Wind Industry Poised for Decline, Report States

Published October 17, 2019

A new report says impending government decisions could soon result in a sharp decline in expansion of wind power.

The news comes as the industry is expected to experience record growth in 2019 and 2020 and seven states are about to double their wind capacity in the near term,

Tariffs Could Block Wind

A report by the energy consulting firm Wood Mackenzie predicts wind capacity in the United States will experience its largest growth ever in 2019 and 2020, with installed capacity predicted to expand to 121 gigawatts (gw) from 97 gw.

Despite such already planned increases, the industry’s long-term growth prospects are cloudy, says Wood Mackenzie’s report.

U.S. wind turbine manufacturers have brought a case before the International Trade Commission (ITC) saying several countries are dumping turbines at a loss on the U.S. market, damaging domestic turbine manufacturers. In response, ITC is considering a tariff on wind turbines and parts sold by Canada, Indonesia, Korea, and Vietnam, who manufacture 84 percent of the parts used in wind turbines erected in the United States. These tariffs would be placed on top of existing tariffs on towers and other wind-related equipment from China. The tariffs would make wind power projects more expensive.

In addition, the federal production tax credit for wind is scheduled to be phased out at the end of 2019, reducing a subsidy for the industry.

If tariffs hit and the PTC is not renewed, prices will rise substantially and the buildout of wind projects could slow dramatically, says Wood Mackenzie.

Government-Corporate Cronyism

The wind industry is entirely dependent on government favoritism, says Rob Bradley Jr., Ph.D., CEO of the Institute for Energy Research.

“Cronies live and die by the government sword,” Bradley said. “Each and every wind project depends on large tax subsidies as well as preferential federal regulations to be built.

“It is ironic—and rare—the wind industry finds itself on the losing end of government policy, but tariffs on imported parts are just that,” Bradley said.

“How about eliminating all the subsidies, along with the tariffs, and let the market, not government, decide what electrical generation is best?” Bradley said.

Wind power is not ready for prime time, says Jay Lehr, Ph.D., a senior policy analyst for the International Climate Science Coalition, a longtime critic of energy subsidies.

“What could be better than tariffs on imported wind turbines to stifle an industry that only exists on the backs of the American taxpayer, often to the tune of subsidies amounting to 50 percent of their costs?” said Lehr. “Wind turbines on the free market can never offer significant energy or compete with inexpensive fossil fuel power plants, none of which can be replaced by wind power, because they all must stand ready to go to work when the wind is not blowing at the required speeds or at all.”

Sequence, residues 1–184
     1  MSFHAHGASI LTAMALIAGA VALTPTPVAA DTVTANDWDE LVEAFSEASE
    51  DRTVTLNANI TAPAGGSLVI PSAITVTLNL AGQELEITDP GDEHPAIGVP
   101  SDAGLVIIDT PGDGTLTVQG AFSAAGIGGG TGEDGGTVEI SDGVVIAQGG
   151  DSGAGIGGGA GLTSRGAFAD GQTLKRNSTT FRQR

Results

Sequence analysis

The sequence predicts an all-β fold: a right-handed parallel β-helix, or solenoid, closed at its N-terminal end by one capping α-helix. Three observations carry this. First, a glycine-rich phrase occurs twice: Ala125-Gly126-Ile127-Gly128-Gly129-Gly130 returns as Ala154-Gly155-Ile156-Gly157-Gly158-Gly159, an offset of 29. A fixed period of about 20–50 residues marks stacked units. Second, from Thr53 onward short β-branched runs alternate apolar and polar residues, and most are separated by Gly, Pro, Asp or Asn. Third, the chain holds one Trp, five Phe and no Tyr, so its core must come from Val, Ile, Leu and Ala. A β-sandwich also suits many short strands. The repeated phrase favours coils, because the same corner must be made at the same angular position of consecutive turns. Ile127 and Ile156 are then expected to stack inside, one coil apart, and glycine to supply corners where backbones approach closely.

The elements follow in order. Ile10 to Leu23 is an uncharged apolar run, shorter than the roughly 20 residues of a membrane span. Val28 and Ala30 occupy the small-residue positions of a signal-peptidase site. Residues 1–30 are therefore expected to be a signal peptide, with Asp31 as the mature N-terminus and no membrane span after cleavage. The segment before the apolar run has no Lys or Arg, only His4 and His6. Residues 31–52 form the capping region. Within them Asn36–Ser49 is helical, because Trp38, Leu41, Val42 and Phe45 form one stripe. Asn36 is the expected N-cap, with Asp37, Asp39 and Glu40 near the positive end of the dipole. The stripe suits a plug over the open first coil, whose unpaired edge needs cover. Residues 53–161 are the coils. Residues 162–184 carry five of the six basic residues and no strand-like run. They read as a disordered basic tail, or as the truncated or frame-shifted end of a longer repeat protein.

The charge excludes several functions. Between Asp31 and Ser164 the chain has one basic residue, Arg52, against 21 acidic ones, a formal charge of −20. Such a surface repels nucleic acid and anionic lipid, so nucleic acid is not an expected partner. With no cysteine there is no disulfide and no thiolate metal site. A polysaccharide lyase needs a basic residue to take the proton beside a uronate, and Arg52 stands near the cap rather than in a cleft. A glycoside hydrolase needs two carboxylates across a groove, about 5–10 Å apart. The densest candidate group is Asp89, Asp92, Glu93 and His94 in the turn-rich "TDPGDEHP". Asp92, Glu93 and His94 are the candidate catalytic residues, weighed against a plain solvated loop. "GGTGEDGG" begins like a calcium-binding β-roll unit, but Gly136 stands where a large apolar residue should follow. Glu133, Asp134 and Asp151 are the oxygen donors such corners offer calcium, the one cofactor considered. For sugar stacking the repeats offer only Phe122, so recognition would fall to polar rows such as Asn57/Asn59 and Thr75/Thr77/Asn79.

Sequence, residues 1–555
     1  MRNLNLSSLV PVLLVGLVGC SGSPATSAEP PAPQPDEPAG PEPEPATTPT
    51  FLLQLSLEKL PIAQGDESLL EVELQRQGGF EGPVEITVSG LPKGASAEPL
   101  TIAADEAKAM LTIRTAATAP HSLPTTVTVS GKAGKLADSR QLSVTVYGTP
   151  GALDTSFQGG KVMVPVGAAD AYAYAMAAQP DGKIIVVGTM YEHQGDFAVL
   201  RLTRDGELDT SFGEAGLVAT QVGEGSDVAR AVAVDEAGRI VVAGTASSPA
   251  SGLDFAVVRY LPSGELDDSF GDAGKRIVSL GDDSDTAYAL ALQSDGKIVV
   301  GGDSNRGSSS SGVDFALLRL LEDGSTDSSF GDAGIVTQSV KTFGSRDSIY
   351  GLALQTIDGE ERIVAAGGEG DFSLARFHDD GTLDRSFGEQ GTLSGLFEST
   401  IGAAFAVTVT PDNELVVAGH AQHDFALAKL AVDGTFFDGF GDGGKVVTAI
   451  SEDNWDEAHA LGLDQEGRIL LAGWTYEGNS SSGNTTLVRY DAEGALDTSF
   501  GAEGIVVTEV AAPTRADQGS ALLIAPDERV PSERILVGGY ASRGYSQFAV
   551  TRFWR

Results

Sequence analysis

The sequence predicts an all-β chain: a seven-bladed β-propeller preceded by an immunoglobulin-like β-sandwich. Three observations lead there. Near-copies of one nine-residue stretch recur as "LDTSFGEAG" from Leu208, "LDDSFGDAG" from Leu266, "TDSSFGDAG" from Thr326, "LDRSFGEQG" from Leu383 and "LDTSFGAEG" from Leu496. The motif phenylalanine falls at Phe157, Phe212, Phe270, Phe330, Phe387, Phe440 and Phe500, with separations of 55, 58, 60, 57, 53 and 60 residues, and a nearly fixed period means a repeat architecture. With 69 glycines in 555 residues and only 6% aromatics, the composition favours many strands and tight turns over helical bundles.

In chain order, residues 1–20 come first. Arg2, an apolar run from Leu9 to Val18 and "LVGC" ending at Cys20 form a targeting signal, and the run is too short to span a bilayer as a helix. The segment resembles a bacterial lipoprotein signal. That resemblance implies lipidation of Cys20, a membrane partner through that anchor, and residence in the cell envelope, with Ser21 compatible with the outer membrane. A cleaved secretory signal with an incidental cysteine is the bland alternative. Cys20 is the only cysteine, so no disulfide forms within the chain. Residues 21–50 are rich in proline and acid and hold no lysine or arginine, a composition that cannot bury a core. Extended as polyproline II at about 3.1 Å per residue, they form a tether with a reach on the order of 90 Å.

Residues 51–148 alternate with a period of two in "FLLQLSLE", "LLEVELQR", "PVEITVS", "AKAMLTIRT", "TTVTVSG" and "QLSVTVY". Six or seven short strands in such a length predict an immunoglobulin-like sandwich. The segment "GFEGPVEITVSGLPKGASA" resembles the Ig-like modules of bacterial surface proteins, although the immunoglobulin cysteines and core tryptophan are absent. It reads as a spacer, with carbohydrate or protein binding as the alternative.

Forced Into Wind

Most of the industry’s support comes from state programs, says John Droz, founder of the Alliance for Wise Energy Decisions.

“Approximately 30 states have a variety of incentives promoting wind power, the most problematic being mandates requiring a certain amount of the electricity provided by utilities must be generated from wind energy,” said Droz. “Why would it ever make sense for a utility to be mandated to use an increasing percentage of any product?

“This is completely contrary to any free-market idea, yet it is how these people have rigged this whole business,” Droz said. “Every part of it is corrupt,” 

Grid Costs Not Covered

Another failing of the wind industry is it doesn’t pay its full share of the costs for maintaining grid reliability, says Droz.

“Everyone needs to understand there is no such thing as wind energy by itself on the grid,” said Droz. “One hundred percent of wind energy has to be paired with another source of electric power generation, most commonly natural gas, all of the time.

“When wind goes to zero on the energy grid, which it does frequently, gas is providing 100 percent of the electricity, and when wind goes to 100 percent, gas is providing nothing, but it still has to run in order to be able to provide on-demand power at a moment’s notice when the wind falters,” Droz said. “So, part of wind energy’s cost that is not fairly accounted for is natural gas costs for providing alternative power when the wind is not blowing or to regulate the amount of energy flowing to the grid when it is.” 

Reliability ‘Reckoning’ Coming

Wind power eats into the safety margin needed to ensure reliable power during periods of extremely high demand, says Droz.

“Wind power steals from the safety margin built into the grid by power regulators to prevent brownouts and blackouts when rare failures of sources and unexpected spikes in peak demand occur,” said Droz. “Most grids have a safety margin of 15 percent capacity above expected baseline demand, which means wind operators should be penalized for undermining the safety of the grid, since there have in fact been some blackouts when wind power failed and there was not sufficient backup.

“Electric power systems are able to get away with wind power’s inherent intermittency when it provides a small percentage of power to the system, but when it gets into bigger numbers like 20 percent or more, it dangerously reduces the safety margin, meaning as more wind is forced onto the power grid, we can expect increasing numbers of power failures,” Droz said. “It’s all coming to a reckoning.”

The states set to double their wind capacity in the near term are Arkansas, Maryland, Massachusetts, Nebraska, New Mexico, South Dakota, and Wyoming,

Kenneth Artz ([email protected]) writes from Dallas, Texas.